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Homework Help: Thermal States of Light

  1. Nov 5, 2007 #1
    The Hamiltonian (ignores vacuum energy), [tex] H = \hbar\omega_{p}a_{p}^+a_{p} [/tex], represents some cavity at temperature T. For simplicity assume the cavity only supports a single mode.
    [tex] H = \hbar\omega_{m} a_{m}^+ a_{m} [/tex]

    1) Given that in thermal equilibrium the probability of a system to have energy E is proportional to ~exp(-E/kT), give an expression for [tex]\rho_{m}(n) [/tex] where:
    [tex] \hat{\rho}_{m} = \sum_{n}\rho_{m}(n) | n>_{m} _{m}<n| [/tex]
    The constant is independent of n
    2) Find this constant by imposing condition [tex] Tr( \rho_{m}) = 1 [/tex]

    For the first part since the constant is independent of n and the Hamilitonian is governed by [tex] \hbar\omega a^+a[/tex] where [tex]a^+a[/tex] equals n so in order to isolate the n component from the Hamiltonian and write an expression [tex]\rho[/tex] I think we should start by evaluating <m|[tex]\rho[/tex]|n> where we will get a summation expression that needs to be evaluated. This is what I think we should do and I tried it but it is not taking me anywhere..I am afraid that I don't even know what I am doing. I just need a small hint to get started and then I will be all set...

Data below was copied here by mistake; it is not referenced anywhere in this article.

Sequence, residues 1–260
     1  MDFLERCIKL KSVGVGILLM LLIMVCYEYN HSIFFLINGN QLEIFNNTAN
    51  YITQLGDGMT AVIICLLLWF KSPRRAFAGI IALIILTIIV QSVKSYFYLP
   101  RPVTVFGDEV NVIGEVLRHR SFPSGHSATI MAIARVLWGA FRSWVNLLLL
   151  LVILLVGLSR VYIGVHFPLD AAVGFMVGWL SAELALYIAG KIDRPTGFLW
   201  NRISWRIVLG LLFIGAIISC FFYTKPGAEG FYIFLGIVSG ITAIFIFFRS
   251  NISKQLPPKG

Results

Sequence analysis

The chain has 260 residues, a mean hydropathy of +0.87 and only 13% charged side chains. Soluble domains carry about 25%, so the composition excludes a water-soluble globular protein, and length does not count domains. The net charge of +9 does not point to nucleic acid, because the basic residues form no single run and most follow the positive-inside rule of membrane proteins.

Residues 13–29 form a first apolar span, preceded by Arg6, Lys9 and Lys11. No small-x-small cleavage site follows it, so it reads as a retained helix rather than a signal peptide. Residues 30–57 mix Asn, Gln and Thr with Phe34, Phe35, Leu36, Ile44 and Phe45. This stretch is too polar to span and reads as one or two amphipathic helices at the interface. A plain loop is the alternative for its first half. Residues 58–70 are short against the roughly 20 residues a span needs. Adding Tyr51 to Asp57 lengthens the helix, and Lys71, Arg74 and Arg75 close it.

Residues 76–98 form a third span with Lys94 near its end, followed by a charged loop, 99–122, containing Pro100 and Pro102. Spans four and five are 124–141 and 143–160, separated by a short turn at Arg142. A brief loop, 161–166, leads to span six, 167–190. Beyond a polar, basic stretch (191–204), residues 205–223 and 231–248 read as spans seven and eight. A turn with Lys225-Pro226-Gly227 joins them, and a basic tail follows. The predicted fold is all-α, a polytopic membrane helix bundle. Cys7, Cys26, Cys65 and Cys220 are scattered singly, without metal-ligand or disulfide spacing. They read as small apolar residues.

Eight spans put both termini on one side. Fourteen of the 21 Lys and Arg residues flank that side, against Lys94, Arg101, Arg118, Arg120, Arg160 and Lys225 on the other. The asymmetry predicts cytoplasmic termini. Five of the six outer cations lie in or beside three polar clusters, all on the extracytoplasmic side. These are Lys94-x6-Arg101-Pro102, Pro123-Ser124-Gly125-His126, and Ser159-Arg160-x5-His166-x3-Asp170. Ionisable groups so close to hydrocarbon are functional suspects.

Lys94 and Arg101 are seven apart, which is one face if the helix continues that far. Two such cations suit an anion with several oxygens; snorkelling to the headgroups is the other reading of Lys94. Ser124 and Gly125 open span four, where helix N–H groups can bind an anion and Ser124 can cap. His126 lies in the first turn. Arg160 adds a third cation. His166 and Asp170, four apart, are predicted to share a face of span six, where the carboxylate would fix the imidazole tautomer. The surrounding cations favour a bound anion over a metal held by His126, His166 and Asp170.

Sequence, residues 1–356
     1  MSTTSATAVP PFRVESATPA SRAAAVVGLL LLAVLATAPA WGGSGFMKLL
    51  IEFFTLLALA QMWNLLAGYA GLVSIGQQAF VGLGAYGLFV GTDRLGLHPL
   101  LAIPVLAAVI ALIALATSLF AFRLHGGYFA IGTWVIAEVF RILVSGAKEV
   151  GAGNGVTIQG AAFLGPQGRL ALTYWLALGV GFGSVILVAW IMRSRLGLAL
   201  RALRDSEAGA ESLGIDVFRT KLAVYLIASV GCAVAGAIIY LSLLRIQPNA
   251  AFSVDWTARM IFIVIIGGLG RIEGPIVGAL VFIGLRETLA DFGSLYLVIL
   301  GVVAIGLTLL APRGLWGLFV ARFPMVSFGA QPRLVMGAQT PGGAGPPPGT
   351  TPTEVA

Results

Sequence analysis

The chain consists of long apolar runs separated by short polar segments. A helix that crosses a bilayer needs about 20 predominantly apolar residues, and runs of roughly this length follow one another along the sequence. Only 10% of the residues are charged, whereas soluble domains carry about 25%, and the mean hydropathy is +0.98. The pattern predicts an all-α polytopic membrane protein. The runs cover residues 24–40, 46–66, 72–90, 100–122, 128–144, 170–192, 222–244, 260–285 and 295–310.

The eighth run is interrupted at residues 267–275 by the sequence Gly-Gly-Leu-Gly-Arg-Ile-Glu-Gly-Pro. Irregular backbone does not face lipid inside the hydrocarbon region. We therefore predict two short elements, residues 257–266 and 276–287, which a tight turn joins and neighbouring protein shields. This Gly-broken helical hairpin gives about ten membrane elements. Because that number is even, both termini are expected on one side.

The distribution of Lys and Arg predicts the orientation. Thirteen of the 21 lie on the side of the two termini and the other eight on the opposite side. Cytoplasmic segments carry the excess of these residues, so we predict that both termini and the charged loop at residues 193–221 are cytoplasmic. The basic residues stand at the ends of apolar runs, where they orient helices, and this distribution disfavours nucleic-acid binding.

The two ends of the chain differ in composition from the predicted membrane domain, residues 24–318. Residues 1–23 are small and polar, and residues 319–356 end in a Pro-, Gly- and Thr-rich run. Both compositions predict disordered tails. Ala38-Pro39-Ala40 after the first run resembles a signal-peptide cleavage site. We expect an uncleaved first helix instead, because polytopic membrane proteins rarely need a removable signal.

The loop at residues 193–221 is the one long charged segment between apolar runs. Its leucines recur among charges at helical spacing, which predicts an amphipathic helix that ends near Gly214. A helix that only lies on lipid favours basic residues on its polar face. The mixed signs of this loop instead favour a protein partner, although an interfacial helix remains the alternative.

2. jcsd
  3. Nov 5, 2007 #2


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    You know that the probability that the system has energy E is proportional to exp(-E/kT).
    What are possible values for E and what is the probability of finding the system to have energy a particular energy E? (In terms of rho(n))
  4. Nov 6, 2007 #3
    Thanks Galileo, I believe I have gotten the answer since E (non-vacuum state) is:

    [tex] \hbar\omega n [/tex]

    We could just assume that [tex] \rho (n) = C*exp(- \hbar\omega n [/tex]) and then it is easy street from there on...
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